Achieving selectivity with small-molecule drugs is often one of the sternest challenges faced by those involved in drug discovery and countless promising programs have ultimately failed due to the inability to adequately distinguish between highly homologous binding sites in related proteins. One such example exists with the multi-subunit switch/sucrose nonfermentable (SWI/SNF or BAF) complex which enables chromatin remodelling to control key cellular processes1. This complex contains either the SMARCA2 or SMARCA4 helicase2, and loss of function mutations in SMARCA4 are a hallmark of multiple cancers3. Functional genomic studies have revealed a synthetically lethal pairing between the inactivated SMARCA4 and wild-type SMARCA2, driven by ATPase domain activity, but not by the bromodomain found in the same protein4. Dual inhibitors of the SMARCA2 and SMARCA4 ATPase domain are poorly tolerated5, so while selectively targeting SMARCA2 represents an attractive strategy to overcome this, it has not proved possible to solve this selectivity challenge using traditional small-molecule inhibitors.

In recent years, Proteolysis-Targeting Chimeras (PROTACs) have emerged from the fringes of Chemical Biology to become powerful pharmacological tools and promising therapeutics6. PROTACs are bifunctional molecules that induce proximity between E3 ligase complexes and intracellular target proteins, resulting in ubiquitination and subsequent proteasomal degradation of the target protein. This exquisite reprogramming of the physiological cellular degradation machinery was first demonstrated by Crews, Deshaies and others over 20 years ago7, but it is only comparatively recently that the technology has matured to the point where it has entered mainstream drug discovery.

The unique mechanism of action of PROTACs imbues them with several potential advantages over traditional small-molecules, including targeting all protein function to replicate a knock-out phenotype, the ability to utilise non-functional binders, and the opportunity for increased selectivity arising from the requirement to form a productive ternary complex between the PROTAC, E3 ligase complex and the target protein. When a PROTAC induces proximity between an E3 ligase complex and its new target protein, new protein-protein interactions can form.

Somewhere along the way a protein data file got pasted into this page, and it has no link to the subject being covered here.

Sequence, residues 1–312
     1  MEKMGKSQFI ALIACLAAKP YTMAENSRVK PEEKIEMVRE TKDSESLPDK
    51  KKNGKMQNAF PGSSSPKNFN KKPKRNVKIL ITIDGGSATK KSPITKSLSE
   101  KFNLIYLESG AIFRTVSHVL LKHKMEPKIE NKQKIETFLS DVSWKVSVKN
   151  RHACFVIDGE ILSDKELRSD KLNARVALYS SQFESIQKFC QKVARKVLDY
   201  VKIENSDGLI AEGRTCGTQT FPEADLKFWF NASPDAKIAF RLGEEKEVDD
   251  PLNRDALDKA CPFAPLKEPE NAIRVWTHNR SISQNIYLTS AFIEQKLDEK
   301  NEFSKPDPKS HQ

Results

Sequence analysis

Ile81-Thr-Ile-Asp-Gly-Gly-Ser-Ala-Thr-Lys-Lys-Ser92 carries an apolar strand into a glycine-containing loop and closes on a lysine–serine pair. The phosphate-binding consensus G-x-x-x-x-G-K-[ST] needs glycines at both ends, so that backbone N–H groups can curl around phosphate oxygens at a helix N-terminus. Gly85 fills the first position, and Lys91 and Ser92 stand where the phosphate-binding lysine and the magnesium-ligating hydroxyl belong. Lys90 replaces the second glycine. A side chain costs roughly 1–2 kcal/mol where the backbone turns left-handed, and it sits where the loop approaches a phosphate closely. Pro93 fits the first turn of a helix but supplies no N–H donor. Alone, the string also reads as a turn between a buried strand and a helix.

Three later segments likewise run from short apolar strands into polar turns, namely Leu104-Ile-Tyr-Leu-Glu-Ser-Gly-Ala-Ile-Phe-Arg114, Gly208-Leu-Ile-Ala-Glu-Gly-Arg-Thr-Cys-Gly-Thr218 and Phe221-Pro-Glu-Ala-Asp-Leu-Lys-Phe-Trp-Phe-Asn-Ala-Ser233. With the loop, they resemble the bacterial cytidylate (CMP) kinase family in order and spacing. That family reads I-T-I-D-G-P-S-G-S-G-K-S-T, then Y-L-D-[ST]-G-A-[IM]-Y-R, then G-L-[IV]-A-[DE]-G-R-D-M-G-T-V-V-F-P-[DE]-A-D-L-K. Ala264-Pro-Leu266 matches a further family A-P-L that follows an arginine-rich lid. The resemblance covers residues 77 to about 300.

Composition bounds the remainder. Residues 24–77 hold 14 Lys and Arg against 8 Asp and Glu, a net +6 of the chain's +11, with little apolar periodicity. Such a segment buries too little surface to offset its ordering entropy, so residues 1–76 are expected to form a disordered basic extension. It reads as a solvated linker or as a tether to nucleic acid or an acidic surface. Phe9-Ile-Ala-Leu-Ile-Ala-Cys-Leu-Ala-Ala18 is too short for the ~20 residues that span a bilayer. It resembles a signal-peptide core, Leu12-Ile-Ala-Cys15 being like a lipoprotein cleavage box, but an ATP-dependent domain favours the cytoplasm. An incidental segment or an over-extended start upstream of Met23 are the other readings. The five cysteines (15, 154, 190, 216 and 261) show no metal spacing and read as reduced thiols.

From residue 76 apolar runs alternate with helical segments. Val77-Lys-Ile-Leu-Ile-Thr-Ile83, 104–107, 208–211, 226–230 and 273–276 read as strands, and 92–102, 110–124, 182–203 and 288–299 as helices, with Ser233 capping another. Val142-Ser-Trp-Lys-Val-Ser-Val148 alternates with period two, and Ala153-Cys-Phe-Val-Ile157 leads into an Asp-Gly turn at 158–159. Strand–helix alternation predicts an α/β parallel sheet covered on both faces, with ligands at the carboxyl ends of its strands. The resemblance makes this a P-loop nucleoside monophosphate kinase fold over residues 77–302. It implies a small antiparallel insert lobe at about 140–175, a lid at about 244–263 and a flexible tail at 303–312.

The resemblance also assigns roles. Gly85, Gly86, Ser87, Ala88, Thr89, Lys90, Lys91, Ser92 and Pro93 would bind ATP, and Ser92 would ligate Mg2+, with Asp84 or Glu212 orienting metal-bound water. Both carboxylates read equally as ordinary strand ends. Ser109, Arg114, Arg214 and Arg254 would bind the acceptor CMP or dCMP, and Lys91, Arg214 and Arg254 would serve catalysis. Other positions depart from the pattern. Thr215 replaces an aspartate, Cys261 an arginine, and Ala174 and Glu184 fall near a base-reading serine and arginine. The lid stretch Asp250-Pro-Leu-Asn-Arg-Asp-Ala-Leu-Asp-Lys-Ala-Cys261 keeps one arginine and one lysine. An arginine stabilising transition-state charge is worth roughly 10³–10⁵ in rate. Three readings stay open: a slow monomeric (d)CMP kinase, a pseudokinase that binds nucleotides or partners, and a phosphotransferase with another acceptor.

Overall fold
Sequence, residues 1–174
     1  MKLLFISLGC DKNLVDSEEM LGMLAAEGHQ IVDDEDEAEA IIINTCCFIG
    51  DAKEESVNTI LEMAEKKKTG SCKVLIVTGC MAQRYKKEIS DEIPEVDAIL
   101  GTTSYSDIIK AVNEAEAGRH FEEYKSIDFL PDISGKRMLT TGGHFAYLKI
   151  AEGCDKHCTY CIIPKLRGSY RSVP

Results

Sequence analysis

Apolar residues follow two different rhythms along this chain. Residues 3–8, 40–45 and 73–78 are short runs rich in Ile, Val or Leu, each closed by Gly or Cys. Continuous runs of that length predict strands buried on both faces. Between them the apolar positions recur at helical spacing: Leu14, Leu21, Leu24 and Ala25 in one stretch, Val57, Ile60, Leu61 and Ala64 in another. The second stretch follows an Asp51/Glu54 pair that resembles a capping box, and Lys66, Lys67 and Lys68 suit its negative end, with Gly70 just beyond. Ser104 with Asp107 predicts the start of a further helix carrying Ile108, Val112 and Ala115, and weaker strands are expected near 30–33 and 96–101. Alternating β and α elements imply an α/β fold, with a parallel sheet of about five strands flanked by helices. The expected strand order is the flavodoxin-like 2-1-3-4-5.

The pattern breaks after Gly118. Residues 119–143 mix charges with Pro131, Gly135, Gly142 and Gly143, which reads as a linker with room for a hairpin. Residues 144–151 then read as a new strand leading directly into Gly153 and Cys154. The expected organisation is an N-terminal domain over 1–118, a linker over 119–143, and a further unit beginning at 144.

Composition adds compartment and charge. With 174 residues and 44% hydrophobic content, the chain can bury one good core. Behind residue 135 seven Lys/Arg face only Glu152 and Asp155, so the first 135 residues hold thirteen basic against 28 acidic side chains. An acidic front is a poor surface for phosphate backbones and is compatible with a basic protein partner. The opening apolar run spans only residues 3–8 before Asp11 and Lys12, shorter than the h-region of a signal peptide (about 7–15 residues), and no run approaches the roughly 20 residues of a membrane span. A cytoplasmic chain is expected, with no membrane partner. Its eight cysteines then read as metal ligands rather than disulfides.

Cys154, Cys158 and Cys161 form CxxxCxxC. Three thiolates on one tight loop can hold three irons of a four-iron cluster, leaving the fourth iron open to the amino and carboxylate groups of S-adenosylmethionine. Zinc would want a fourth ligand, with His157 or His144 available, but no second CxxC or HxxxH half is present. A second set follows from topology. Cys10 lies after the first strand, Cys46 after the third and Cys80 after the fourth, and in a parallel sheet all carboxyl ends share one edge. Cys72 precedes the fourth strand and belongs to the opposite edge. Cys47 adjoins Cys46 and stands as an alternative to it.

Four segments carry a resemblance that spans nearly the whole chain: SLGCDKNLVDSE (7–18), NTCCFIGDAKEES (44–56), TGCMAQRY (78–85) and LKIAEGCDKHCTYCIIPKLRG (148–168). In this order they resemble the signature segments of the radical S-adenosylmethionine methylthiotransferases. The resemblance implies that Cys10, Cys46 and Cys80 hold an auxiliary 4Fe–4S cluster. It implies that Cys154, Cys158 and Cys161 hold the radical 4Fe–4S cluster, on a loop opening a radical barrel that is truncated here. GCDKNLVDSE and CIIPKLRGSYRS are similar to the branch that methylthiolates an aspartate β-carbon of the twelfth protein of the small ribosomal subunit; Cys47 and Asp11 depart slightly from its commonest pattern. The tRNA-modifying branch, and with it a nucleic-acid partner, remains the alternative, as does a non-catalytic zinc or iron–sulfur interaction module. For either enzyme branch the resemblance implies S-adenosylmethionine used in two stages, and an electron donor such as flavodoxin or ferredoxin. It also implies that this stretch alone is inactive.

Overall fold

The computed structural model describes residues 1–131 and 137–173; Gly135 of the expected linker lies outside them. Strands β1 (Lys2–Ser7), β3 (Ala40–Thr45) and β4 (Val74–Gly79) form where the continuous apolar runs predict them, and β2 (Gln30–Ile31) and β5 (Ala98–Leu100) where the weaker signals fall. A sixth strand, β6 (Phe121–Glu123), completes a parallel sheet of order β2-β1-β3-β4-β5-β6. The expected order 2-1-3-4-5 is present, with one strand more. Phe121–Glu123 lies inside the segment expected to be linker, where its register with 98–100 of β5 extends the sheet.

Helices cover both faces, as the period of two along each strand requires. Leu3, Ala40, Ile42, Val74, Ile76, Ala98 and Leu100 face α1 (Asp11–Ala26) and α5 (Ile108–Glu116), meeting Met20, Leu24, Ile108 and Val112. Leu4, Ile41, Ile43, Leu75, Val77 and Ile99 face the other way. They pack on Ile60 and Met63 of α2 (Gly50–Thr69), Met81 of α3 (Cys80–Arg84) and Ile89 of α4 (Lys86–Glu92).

While many groups have sought to optimise formation of the ternary complex in order to increase degradation efficiency, this has led to mixed results8. In retrospect, this can be rationalised by the observation that PROTACs act as catalysts, and overstabilisation of any transient species in a catalytic cycle will not deliver maximal efficiency of that cycle9. Intriguingly, several reports of PROTACs incorporating non-selective kinase binders have demonstrated that degradation is only observed for a subset of targets to which the kinase binder portion of the PROTAC engages10,11. The kinases which are degraded are also dependent on the E3 ligase partner recruited by the PROTAC. While these reports represent examples of increased selectivity arising from the requirement to form a productive ternary complex, they are empirical observations and were not designed in a priori.


Now, two recent papers from Kofink et al. and Cantley et al. have prospectively targeted the PROTAC-mediated ternary complex to solve the apparently intractable SMARCA2/4 selectivity problem12,13.

It has been reported previously by Farnaby et al. that potent dual SMARCA2/4 degradation can be achieved using PROTACs derived from ligands targeting the druggable SMARCA2/4 bromodomains rather than the less tractable ATPase domains14. While inhibition of the bromodomains fails deliver antiproliferative effects, this is not an issue for a PROTAC where the entire protein is degraded. This ternary complex driven optimisation led to dual PROTAC ACBI1, which replicates the SMARCA2 RNAi phenotype in SMARCA4 deficient cell lines, but does not achieve degradation selectivity for SMARCA2.